A visit to a progressive church


I recently attended a Sunday morning service at St. Gregory's Episcopal church in San Francisco. It is a very innovative church that has deviated in many ways from the traditional Episocopal style of worship. Instead of using the Book of Commmon Prayer, the two co-founders of the church have created a new form of worship that incorporates, among other things, dancing by the worshipers.

The service includes no confession of creeds, no confession of sins, and, in addition, communion is open to all "who want it". Visitors are asked to wear nametags so that they can be addressed by name when given bread during Holy Communion. The wine is passed from person to person. The person next to me said "the blood of Christ" as he handed the wine to me. I could not bring myself to say this when I handed the wine to the next person, which was probably a faux pas of some sort, but then again, no one actually instructed the visitors to say anything in particular. I was not necessarily in the mood to partake of Communion anyway, but it is not exactly easy to back out of it, since everyone is standing in a circle around the altar at this point, and it would almost seem rude not to participate. Thus it almost felt as if participation in the Eucharist was mandatory.

In general, visitors are made to feel quite welcome from the very beginning. For example, in addition to the reason for nametags mentioned above, I also noted that, as the attenders stood in an entry area before the service, various robed individuals came out and shook hands and welcomed us. Another example of their welcoming spirit is that, prior to taking up the collection,they ask first time visitors not to put money in the plate; instead, they suggest that we can contribute financially the next time we come, if there is a next time.

In some ways, though, the service can be daunting for a visitor. There is no printed program of service, so you never exactly know what is going to happen next. The music is totaly a capella, and, for those of us who are musically untrained, singing can be a little difficult without any background instruments to guide us. (The music itself, I must admit, didn't do much for me.) At one point in the service, individuals stated their concerns or blessings or prayer requests; after each such statement, the congregation would say in unison a statement, either praising God or something else appropriate. The attenders knew frome experience to do this; as a visitor, I was unfamiliar with this ritual.

After the sermon, we were supposed to walk towards the altar, one hand on the shoulder of the person in front of us, using a particular type of step. It was a little confusing to me--in part because I was spacing out a bit just as the priest was giving the instructions--and the woman in front of me, who was also a first time visitor, started to move too early. The man behind me gently held onto to my shoulder to let me know that I should stay where I was, offering a subtle correction that was very helpful.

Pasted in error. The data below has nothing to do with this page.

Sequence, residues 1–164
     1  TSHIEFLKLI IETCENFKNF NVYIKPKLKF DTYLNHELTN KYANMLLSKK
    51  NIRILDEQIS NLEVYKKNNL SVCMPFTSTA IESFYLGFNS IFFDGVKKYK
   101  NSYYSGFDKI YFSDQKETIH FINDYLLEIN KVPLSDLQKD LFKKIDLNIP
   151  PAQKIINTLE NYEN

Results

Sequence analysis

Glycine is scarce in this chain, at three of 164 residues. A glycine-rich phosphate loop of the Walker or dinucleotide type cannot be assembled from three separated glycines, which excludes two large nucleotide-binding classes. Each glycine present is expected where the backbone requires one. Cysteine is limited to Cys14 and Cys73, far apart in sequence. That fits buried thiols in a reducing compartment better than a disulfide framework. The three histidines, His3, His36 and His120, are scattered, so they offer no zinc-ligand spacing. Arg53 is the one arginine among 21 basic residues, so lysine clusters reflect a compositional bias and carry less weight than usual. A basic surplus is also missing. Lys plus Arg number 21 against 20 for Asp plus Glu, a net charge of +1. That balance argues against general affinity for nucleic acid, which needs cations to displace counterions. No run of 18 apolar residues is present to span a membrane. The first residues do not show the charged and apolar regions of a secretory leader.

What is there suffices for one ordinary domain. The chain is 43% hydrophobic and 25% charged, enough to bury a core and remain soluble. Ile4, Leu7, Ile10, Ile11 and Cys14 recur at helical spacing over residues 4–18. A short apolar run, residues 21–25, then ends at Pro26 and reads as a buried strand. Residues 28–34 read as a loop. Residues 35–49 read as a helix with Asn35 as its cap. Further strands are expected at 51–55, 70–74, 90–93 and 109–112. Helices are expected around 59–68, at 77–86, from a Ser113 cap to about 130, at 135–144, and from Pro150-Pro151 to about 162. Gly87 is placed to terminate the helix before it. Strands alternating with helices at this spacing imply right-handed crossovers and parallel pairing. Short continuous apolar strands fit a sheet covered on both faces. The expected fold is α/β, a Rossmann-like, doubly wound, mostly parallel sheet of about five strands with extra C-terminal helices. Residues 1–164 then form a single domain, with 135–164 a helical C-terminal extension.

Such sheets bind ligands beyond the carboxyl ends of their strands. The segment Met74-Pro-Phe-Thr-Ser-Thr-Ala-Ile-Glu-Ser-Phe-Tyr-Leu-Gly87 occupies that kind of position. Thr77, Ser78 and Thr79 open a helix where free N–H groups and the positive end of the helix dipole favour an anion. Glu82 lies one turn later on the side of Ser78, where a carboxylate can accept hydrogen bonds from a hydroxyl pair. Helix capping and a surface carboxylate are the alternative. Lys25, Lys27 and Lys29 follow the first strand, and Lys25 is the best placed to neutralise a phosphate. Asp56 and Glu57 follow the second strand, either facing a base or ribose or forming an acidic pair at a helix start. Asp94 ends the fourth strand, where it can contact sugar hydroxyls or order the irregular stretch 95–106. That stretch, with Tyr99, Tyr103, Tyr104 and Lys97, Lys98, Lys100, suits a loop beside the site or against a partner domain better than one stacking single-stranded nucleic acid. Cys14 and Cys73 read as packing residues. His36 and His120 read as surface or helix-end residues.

After the service, I spoke to one person who said he had been attending for several years and that he loved it there. There were maybe 50-60 people at the service, and they have an earlier service as well, so the community is fairly vibrant. This church has managed to create a following with its innovative style. Still, it is a part of a larger denomination--the Episcopal Church. I wonder how many people who regularly attend (because they are drawn to this style of service) also feel a broader denominational loyalty, given that the denomination as a whole typically has Sunday morning services that are much more traditional.

Overall, I enjoyed the service, and I appreciated the thought that was put into building this church community. It probably doesn't exactly match my personal style and it is not going to be my church home, but it does represent, in my view, a very positive effort. As I stood near the altar during the Eucharist, I looked up at the wall and saw paintings of various "dancing saints", depicted with halos surrounding their heads. Among those dancing on the wall were Gandhi, Queen Elizabeth, and Malcom X. I had to smile. Even if it isn't the church home for me, it has a great sense of joy and fun and warmth.


Cynthia said...

Missed you and your words. Glad you're back.

Even though it's different, it still sounds like high church liturgy, in that it is repeated and one learns by experience, which is very different if one is more familiar with the free church tradition. It sounds interesting enough to want to experience that form of worship, but I fear that I would only posing as a tourist.

And I love the dancing saints! I've seen them online.

Mystical Seeker said...

Hi Cynthia,

I think you put your finger on the it. It is definitely a place where you learn by experience. I hadn't realized that this was typical of High Church liturgy.

John Shuck said...

I have been to St. Greg's a couple of times. Once with a friend and another time with our youth group from Montana. It was kind of a kick, or a dance, step, kick!

What I liked was the bell and the silence after the reading and the time in which people could respond to the sermon.

That was as a visitor. I wonder how they keep the same people from commenting all the time.

I liked the dancing saints. I think my favorite was that big bear!